We're pretty visual people. It's usually easy to consume data when it's represented graphically as opposed to tabular format. When we're looking at our schedule of activities and events, we typically like to see that information laid out in a standard calendar form.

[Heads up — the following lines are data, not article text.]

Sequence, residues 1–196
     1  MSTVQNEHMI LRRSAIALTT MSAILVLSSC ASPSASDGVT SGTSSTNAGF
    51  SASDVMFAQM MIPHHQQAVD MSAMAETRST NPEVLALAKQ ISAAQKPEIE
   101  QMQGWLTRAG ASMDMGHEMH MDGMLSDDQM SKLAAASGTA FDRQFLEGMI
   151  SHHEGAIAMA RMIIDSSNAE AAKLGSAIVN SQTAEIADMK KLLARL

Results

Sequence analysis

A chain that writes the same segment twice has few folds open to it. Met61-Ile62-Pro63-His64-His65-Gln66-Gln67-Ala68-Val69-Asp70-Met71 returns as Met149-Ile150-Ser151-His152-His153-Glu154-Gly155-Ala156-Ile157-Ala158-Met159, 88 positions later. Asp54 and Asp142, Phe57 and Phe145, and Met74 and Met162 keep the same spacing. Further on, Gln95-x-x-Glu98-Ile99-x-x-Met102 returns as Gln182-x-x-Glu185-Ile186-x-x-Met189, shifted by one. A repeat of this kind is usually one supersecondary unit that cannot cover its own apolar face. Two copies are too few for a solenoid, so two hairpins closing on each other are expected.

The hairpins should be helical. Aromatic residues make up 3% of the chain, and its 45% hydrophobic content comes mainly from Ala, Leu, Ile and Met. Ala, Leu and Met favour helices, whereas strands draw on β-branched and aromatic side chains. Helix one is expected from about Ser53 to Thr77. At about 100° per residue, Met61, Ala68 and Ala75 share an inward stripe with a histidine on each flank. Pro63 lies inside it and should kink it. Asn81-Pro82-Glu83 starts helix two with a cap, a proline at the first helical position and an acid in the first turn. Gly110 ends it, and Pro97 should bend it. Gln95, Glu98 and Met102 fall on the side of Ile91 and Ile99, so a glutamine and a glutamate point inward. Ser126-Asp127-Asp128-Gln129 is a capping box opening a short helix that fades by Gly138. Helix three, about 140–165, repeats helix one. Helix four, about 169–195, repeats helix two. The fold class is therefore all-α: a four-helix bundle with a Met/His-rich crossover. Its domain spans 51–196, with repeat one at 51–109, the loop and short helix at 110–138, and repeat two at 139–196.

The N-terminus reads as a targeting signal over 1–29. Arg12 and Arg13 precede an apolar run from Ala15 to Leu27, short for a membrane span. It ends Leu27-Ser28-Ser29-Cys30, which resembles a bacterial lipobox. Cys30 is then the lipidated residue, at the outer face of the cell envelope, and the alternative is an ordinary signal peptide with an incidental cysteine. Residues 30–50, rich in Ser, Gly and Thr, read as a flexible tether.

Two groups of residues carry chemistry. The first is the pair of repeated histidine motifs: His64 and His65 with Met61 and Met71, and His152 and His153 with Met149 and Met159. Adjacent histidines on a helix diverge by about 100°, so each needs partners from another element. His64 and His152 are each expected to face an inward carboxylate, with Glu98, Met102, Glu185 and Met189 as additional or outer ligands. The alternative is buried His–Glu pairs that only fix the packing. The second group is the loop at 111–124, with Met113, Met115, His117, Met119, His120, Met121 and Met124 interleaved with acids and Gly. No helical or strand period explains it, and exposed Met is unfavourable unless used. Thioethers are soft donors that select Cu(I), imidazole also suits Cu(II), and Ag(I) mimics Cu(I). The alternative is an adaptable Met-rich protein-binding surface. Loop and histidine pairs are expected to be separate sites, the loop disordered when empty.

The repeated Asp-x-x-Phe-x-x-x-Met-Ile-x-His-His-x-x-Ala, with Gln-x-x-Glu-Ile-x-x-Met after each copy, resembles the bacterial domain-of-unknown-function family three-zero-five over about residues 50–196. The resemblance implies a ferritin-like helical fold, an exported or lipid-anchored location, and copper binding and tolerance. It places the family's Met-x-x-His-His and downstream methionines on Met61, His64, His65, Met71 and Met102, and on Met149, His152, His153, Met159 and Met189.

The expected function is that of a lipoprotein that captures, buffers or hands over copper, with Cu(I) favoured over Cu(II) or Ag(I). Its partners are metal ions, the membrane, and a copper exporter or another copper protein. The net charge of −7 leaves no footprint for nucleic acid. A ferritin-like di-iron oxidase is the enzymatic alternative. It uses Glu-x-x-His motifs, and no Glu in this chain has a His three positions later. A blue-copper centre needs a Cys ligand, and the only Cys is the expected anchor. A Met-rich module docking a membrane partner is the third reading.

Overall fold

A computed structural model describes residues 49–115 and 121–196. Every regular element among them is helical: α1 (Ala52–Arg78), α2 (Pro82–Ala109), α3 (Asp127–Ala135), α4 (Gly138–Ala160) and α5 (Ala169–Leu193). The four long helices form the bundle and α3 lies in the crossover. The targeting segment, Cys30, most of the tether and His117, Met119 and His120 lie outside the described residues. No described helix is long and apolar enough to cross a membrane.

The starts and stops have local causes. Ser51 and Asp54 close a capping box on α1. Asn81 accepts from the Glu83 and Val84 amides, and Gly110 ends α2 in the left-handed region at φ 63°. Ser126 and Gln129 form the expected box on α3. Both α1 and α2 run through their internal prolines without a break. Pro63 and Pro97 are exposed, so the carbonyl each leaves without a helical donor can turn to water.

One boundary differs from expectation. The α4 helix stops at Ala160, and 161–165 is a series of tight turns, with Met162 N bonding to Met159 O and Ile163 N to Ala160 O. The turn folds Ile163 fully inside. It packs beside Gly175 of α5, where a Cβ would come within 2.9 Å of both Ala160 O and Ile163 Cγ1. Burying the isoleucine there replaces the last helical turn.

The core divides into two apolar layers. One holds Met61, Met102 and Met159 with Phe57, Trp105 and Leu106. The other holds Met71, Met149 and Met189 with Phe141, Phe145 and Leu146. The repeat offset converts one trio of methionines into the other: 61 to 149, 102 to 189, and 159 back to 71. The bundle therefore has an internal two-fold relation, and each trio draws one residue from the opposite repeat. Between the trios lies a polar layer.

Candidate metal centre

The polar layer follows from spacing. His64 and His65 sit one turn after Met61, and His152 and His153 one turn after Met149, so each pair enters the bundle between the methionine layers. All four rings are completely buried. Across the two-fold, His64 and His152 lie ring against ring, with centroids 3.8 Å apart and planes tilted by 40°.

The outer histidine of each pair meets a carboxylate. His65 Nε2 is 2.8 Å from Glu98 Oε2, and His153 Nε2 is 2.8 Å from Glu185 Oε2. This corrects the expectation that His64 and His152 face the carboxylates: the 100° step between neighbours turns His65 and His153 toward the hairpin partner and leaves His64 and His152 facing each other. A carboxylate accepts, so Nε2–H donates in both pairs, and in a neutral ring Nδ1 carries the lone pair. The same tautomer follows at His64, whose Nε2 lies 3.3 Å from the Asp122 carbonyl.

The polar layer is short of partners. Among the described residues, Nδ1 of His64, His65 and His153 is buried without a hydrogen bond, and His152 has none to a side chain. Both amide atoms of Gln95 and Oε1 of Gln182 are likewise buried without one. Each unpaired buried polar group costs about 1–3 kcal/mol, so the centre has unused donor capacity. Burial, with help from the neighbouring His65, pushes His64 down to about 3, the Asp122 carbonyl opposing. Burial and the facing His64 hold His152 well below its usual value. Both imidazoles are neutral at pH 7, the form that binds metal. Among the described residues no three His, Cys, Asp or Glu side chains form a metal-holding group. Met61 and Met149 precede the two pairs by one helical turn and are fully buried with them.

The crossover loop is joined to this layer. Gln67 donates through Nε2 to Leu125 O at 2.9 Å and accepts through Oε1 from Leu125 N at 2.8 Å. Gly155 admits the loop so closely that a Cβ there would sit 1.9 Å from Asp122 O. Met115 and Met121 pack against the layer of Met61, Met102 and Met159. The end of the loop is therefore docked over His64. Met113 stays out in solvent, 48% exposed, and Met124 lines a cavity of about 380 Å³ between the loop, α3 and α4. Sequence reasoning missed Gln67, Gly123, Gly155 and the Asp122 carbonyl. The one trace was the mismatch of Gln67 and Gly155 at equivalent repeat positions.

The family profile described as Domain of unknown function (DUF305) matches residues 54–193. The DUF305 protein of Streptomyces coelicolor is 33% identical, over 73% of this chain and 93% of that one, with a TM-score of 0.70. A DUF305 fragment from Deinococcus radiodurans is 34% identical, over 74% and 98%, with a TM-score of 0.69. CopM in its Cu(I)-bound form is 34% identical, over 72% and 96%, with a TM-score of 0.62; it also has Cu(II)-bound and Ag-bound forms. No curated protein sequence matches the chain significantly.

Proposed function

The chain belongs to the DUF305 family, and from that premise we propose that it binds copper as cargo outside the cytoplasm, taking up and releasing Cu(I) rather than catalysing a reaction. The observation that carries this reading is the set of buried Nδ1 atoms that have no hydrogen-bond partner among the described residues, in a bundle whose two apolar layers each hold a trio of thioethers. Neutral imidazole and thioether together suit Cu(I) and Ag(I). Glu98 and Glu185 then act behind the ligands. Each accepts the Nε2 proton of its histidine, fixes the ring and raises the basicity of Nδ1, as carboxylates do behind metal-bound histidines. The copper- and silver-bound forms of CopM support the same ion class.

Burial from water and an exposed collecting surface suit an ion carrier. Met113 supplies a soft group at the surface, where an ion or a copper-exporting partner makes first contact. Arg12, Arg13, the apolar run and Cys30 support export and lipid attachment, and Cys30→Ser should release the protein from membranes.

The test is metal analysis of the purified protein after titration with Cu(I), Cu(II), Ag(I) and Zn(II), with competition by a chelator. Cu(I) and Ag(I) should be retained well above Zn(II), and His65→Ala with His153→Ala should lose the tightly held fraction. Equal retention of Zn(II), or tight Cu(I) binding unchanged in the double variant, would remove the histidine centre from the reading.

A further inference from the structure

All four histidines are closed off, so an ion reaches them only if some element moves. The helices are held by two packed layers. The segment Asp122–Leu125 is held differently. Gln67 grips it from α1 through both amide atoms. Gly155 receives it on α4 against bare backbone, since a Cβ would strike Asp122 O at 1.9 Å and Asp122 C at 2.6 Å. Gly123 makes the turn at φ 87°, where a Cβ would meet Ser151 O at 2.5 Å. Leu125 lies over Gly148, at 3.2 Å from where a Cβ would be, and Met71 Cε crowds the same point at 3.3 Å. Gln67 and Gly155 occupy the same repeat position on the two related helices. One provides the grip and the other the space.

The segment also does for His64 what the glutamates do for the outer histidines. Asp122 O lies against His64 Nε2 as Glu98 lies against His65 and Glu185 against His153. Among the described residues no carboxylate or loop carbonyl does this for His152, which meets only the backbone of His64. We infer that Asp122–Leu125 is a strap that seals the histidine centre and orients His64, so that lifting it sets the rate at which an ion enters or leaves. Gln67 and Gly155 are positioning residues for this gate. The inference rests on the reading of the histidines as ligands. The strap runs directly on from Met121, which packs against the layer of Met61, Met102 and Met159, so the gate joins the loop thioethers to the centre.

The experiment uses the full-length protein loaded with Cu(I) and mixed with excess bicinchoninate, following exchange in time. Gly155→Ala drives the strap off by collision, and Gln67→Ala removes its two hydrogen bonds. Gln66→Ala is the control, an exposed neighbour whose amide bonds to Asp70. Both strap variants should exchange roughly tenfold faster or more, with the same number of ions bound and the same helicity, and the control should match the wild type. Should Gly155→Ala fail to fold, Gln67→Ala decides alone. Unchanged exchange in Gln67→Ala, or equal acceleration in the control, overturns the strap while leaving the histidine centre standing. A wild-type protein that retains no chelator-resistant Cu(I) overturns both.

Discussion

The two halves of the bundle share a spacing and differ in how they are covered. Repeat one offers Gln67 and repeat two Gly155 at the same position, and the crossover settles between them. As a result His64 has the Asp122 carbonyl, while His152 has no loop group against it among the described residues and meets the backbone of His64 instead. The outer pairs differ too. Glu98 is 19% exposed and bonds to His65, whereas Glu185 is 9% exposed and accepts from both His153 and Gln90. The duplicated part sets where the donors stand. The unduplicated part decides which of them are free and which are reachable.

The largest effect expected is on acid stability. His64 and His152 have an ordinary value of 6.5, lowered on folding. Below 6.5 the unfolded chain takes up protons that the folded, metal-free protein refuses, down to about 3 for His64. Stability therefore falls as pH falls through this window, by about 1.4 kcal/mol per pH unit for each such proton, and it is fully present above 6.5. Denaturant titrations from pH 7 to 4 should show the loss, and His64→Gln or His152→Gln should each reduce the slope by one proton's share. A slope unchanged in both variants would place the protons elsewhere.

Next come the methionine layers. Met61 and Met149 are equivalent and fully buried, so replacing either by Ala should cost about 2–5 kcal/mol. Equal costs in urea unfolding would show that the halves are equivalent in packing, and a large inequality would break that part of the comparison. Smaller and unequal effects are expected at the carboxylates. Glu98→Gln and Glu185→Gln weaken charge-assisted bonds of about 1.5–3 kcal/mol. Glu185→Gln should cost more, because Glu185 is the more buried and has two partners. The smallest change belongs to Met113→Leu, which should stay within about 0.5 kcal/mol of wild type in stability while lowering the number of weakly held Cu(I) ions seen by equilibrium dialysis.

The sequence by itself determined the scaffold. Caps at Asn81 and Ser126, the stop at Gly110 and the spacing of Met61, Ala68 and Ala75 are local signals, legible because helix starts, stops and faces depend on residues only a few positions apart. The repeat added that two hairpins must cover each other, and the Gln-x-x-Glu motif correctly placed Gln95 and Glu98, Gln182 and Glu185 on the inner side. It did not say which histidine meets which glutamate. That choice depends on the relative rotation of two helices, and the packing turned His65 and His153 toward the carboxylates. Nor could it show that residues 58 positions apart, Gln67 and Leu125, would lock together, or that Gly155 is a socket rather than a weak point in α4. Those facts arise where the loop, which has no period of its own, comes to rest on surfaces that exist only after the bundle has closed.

It's probably fair to say that we all rely on calendars to maintain organization and punctuality. Calendars are ubiquitous; they're on our walls, phones, watches, tablets, computers and even on some fancy new refrigerators. The use of calendars dates as far back as the Bronze Age. Many of the artifacts left by ancient cultures, from rock carvings to monumental structures, were built originally to serve as public calendars. And, since they're an effective timekeeping mechanism, we learned how to read and understand them at an early age.